phone, just like the other bombs that mixes these two liquids quickly and
sends out a fairly potent cloud of the deadly gas. This mubtakkar comes to
our attention, and it's--you know, it causes something just short of panic
inside of the CIA. A device, a model, is built and is brought to the
president, and he is, you know, startled. Now that's the first step.

The second step is that we don't know what they may or may not do here, and we
tap an inside source inside of al-Qaeda management; he's linked to them. Up
to now, Terry, no one has felt just publicly that we've had a human
intelligence source connected in tight to the al-Qaeda leadership. We do in
fact, and I call him Ali...(unintelligible).

GROSS: We do or we did? The impression I got...

Mr. SUSKIND: Well, yeah...

GROSS: ...from your book is that we no longer have him.

Mr. SUSKIND: Yeah, we no longer have--we sort of decommissioned him in early
2005 or 2004 because we were afraid he might get revealed by his assistance
for us. But, at this point, we turned to Ali. He had done good things for
the US government for a few months. Everything he had said had been reliable,
had tracked. So we go to him and we say, `What do you know about this
mubtakkar idea?' And he says, `Well, actually quite a bit.' And he tells us a
startling thing. He says, `In fact, there is a Saudi leader of al-Qaeda who
recently met with Zawahiri about an operational WMD cell in the United States
that in the fall of 2002 through early 2003 cased the New York City subway
systems with the intention of using a mubtakkar advice, maybe several devices
and that 45 days away from zero hour, Zawahiri called them off. The key is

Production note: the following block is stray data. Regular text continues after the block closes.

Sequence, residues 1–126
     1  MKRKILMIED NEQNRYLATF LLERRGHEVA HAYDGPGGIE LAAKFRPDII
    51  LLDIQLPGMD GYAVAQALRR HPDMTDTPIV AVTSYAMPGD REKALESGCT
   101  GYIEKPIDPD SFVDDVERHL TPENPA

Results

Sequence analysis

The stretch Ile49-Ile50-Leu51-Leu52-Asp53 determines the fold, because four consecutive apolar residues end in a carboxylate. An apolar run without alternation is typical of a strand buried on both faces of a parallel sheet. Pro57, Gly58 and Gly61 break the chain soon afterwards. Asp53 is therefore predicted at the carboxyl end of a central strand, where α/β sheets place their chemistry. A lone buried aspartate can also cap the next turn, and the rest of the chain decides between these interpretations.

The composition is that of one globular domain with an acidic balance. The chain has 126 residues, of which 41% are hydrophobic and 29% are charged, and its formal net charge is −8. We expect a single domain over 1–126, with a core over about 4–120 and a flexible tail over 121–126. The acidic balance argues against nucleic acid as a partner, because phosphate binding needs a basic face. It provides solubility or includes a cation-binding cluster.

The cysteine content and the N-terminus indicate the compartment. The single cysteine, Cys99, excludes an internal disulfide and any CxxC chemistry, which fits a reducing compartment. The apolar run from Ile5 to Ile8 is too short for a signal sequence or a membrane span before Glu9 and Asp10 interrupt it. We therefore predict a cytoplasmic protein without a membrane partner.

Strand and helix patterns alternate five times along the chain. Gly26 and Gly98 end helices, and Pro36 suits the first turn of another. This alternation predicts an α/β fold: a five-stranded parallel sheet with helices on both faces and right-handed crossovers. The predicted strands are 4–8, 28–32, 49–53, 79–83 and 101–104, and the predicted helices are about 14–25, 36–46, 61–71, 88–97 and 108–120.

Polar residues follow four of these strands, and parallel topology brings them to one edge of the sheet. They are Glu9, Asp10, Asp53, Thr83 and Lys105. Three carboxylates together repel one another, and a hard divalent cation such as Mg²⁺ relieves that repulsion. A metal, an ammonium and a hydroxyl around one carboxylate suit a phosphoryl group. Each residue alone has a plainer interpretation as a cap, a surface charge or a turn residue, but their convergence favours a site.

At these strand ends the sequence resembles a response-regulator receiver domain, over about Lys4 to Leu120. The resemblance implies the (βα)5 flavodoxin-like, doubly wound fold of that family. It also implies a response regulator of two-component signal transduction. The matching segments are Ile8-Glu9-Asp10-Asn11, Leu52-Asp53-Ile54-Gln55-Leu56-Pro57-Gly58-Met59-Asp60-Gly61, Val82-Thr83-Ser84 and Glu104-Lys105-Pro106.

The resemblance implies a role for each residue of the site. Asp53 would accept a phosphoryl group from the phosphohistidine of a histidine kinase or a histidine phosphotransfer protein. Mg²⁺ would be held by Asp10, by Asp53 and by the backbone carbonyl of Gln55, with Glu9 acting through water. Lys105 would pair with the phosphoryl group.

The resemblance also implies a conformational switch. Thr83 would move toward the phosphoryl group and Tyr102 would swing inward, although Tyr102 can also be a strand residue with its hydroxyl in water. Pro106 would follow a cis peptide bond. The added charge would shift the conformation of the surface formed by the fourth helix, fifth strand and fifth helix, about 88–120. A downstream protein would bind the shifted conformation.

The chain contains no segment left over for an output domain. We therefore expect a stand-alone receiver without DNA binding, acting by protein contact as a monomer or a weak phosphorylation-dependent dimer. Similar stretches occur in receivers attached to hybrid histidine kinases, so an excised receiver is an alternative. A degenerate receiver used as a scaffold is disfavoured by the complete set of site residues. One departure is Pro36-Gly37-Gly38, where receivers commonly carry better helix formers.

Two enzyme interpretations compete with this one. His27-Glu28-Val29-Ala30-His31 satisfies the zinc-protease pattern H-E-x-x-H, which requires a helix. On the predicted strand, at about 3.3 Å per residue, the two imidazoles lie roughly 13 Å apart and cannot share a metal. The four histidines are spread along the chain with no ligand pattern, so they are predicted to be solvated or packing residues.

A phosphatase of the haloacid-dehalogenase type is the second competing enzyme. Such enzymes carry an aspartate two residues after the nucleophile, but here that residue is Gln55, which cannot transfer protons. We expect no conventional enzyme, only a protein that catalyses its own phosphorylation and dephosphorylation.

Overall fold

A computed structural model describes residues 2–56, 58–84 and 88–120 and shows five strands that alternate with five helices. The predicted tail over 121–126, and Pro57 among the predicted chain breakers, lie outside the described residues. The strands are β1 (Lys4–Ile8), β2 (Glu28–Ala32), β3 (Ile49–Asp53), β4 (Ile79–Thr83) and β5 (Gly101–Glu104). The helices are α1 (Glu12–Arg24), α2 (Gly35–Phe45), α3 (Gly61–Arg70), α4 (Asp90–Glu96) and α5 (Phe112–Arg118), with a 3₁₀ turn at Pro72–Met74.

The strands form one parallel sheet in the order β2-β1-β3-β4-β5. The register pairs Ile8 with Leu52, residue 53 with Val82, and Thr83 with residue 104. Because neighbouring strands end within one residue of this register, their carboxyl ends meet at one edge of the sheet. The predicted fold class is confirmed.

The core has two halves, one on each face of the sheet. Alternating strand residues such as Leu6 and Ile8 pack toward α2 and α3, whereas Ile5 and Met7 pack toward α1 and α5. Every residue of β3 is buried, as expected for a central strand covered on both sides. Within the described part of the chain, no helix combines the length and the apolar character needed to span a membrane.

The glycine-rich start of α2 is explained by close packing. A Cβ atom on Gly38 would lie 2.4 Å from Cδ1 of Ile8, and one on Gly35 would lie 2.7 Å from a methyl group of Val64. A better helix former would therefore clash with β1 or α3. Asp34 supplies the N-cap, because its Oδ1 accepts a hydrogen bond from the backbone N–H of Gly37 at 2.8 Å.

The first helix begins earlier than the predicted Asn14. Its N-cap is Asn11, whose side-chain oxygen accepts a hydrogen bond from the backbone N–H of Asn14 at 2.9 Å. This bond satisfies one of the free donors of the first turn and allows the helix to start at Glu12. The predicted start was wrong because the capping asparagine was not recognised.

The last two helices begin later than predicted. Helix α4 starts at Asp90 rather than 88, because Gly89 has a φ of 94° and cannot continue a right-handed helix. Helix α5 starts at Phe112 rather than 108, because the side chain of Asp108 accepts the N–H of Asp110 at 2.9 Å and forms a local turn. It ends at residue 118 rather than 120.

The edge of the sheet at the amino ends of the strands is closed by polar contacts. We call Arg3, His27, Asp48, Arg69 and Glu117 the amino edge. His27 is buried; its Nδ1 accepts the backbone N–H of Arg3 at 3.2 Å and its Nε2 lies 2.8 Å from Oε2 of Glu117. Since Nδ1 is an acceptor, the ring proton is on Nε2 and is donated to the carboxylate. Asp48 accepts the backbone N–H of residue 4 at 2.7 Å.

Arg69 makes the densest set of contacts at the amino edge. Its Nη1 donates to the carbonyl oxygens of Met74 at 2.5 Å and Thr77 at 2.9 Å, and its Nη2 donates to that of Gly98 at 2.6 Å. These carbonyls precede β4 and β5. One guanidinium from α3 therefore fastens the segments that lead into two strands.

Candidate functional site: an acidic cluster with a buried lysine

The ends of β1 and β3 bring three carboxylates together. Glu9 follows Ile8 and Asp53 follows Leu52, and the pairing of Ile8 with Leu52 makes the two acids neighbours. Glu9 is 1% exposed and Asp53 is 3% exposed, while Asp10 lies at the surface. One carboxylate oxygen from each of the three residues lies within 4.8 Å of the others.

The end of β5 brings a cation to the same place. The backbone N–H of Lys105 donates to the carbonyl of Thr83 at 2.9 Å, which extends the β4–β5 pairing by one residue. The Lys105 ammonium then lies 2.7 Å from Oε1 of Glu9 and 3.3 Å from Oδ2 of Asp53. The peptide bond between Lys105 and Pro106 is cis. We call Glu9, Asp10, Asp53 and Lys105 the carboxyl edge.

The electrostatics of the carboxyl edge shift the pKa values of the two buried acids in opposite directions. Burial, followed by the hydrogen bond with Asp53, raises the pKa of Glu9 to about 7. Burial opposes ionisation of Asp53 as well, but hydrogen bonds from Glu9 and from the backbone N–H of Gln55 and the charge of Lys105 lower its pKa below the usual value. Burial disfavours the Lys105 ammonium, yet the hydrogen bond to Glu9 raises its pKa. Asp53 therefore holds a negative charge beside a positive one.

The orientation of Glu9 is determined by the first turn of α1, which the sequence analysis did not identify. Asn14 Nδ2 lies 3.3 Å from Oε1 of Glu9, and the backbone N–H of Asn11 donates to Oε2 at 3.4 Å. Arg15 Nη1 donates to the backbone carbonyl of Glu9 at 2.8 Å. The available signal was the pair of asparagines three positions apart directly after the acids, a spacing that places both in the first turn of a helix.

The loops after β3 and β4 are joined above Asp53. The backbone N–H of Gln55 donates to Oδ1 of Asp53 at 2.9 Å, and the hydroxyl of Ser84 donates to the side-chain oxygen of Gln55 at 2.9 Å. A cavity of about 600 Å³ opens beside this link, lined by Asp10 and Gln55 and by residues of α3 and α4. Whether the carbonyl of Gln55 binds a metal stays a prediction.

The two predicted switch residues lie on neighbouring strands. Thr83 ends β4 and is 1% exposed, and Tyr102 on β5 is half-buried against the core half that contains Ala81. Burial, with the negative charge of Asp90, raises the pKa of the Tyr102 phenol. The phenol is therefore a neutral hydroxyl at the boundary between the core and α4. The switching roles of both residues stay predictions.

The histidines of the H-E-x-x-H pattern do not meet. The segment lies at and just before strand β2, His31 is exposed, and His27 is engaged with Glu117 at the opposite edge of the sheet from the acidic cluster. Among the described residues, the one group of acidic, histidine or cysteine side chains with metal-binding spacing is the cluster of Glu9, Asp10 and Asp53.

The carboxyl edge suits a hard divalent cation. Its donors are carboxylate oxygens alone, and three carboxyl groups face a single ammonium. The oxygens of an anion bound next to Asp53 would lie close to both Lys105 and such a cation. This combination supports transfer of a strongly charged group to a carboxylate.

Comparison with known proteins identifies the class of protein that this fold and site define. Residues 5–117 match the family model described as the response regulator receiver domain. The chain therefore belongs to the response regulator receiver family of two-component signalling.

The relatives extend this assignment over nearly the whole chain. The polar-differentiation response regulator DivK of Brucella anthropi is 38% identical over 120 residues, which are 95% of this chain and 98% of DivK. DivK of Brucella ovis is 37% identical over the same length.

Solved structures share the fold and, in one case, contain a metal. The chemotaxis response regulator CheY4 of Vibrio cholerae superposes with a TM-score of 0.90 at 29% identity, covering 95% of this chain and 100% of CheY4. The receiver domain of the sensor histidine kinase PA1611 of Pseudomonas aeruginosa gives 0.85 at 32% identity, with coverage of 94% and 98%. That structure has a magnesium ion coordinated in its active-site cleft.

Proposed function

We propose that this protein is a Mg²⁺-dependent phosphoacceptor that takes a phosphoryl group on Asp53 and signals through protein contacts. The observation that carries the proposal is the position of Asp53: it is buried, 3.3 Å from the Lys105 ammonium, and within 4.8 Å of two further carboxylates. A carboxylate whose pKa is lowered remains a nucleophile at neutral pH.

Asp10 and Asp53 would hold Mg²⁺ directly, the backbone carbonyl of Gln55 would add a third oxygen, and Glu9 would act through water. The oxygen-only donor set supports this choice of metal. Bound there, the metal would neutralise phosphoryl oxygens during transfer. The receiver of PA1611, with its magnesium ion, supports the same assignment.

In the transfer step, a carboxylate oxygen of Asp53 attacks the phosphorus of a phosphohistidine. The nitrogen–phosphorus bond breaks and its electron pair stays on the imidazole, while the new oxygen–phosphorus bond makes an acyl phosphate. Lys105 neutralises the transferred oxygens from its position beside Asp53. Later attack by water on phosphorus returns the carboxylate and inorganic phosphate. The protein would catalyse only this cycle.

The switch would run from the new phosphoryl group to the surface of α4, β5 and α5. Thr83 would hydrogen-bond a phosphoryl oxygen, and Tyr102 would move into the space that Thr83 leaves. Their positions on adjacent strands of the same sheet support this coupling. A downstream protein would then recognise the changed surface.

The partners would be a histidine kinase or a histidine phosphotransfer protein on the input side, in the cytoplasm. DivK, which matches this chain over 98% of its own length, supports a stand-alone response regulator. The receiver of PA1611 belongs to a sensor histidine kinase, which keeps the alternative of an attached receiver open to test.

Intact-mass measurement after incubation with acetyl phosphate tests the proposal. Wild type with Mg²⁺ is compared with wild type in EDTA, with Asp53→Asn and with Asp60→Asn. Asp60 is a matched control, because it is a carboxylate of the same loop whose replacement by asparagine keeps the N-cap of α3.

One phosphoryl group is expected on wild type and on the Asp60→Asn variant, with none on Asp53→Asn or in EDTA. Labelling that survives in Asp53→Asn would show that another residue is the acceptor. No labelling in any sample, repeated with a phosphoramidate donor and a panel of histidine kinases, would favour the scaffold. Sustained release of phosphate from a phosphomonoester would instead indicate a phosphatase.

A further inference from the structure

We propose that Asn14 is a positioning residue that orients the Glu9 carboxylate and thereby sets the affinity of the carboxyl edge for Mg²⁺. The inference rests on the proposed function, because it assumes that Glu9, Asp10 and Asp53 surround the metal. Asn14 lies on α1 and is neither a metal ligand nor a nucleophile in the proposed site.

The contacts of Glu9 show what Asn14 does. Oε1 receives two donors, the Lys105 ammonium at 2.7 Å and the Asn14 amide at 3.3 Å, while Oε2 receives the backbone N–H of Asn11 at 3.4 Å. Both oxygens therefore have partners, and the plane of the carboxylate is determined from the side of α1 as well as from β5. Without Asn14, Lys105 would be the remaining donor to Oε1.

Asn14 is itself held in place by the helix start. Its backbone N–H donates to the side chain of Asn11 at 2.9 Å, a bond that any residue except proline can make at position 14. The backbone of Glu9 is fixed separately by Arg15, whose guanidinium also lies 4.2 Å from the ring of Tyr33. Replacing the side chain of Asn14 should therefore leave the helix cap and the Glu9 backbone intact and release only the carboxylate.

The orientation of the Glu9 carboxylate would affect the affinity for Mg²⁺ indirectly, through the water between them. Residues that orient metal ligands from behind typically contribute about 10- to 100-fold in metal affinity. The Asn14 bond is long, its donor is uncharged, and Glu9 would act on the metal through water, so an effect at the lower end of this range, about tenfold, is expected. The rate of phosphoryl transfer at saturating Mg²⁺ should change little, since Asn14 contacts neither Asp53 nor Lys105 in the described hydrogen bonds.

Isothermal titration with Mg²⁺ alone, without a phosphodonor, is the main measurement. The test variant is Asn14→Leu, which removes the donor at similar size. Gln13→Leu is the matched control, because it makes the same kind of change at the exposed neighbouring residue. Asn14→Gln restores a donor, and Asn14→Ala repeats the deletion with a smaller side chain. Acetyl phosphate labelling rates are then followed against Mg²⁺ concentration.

not called them back but called them off.

This information that gets passed to the CIA and right, of course, to the Oval
Office and the Situation Room, it's just a startling moment, because,
essentially it gives us our first real clue into the key questions as to what
al-Qaeda is really thinking.

GROSS: What are some of the possible ways of interpreting why Zawahiri, the
number two in al-Qaeda, called off this planned attack against the New York

Mr. SUSKIND: You know, that, of course, becomes the fierce debate inside of
the US government at the very top, obviously, the president, the vice
president, George Tenet, Condoleezza Rice, everybody, you know. There are a
variety of positions at the start. One is that maybe he called it off because
we're putting, you know, effective pressure on the al-Qaeda structure at this
point. Some people felt that. That, though, I think was overwhelmed by
another sort of counterargument. The question of, is that because this, this
thing, my God, I mean, mubtakkars in the New York City subways, could cause
potentially thousands of death, that that wouldn't be enough of a second wave,